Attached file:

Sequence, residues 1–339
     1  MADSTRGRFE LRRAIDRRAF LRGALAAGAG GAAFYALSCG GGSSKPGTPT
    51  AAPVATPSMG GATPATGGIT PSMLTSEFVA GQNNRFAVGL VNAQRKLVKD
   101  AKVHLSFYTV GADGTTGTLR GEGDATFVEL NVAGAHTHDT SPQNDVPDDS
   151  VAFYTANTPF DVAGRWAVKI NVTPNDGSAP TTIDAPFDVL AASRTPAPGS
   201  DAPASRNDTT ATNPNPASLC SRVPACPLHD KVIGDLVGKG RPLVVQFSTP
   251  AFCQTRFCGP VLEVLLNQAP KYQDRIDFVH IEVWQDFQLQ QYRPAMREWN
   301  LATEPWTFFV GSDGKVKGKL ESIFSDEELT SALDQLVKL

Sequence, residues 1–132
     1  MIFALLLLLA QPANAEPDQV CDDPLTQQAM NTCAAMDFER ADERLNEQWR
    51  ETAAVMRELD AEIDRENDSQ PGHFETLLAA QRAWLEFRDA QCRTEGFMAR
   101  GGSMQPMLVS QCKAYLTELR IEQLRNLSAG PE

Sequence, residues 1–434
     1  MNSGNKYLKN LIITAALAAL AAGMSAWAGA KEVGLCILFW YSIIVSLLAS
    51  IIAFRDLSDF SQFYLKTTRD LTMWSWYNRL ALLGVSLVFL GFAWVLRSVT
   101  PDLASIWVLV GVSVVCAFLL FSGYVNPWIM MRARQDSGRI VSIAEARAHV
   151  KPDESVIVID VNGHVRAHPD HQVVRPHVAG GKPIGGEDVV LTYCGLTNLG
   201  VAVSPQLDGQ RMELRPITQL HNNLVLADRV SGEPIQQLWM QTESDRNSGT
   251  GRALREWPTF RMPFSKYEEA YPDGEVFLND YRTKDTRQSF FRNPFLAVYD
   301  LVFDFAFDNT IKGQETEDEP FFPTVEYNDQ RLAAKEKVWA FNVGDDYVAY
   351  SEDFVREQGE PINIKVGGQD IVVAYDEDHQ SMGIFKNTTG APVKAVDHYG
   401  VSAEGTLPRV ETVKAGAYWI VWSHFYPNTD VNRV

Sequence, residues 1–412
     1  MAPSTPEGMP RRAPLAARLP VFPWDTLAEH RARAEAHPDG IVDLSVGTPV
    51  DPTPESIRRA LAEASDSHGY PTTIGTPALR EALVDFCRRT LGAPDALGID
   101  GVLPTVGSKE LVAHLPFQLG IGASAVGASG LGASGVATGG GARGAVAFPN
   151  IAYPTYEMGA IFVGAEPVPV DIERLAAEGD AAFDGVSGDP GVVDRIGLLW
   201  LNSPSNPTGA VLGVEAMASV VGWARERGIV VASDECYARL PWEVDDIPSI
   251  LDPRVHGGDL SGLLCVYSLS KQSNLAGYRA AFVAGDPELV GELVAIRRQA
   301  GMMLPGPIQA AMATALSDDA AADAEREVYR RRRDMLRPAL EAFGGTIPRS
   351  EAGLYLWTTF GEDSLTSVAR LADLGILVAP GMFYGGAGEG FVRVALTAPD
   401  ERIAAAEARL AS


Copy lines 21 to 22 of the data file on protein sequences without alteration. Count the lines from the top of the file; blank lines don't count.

   351  SEDFVREQGE PINIKVGGQD IVVAYDEDHQ SMGIFKNTTG APVKAVDHYG
   401  VSAEGTLPRV ETVKAGAYWI VWSHFYPNTD VNRV